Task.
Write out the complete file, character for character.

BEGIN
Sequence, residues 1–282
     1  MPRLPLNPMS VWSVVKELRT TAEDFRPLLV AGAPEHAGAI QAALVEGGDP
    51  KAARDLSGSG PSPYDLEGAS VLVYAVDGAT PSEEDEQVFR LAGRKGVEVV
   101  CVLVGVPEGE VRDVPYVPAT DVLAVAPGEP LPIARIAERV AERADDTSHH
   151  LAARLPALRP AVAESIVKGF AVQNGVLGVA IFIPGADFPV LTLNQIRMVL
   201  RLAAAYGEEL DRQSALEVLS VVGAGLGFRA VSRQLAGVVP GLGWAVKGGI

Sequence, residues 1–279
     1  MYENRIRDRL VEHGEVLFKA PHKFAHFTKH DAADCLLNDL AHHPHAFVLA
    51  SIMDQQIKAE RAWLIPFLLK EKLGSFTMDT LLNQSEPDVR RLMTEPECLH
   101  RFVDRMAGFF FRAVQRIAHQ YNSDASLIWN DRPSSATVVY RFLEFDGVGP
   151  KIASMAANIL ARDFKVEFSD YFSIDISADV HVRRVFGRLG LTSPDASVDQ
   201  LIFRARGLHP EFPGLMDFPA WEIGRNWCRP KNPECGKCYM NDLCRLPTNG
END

Sequence, residues 1–282
     1  MPRLPLNPMS VWSVVKELRT TAEDFRPLLV AGAPEHAGAI QAALVEGGDP
    51  KAARDLSGSG PSPYDLEGAS VLVYAVDGAT PSEEDEQVFR LAGRKGVEVV
   101  CVLVGVPEGE VRDVPYVPAT DVLAVAPGEP LPIARIAERV AERADDTSHH
   151  LAARLPALRP AVAESIVKGF AVQNGVLGVA IFIPGADFPV LTLNQIRMVL
   201  RLAAAYGEEL DRQSALEVLS VVGAGLGFRA VSRQLAGVVP GLGWAVKGGI

Sequence, residues 1–279
     1  MYENRIRDRL VEHGEVLFKA PHKFAHFTKH DAADCLLNDL AHHPHAFVLA
    51  SIMDQQIKAE RAWLIPFLLK EKLGSFTMDT LLNQSEPDVR RLMTEPECLH
   101  RFVDRMAGFF FRAVQRIAHQ YNSDASLIWN DRPSSATVVY RFLEFDGVGP
   151  KIASMAANIL ARDFKVEFSD YFSIDISADV HVRRVFGRLG LTSPDASVDQ
   201  LIFRARGLHP EFPGLMDFPA WEIGRNWCRP KNPECGKCYM NDLCRLPTNG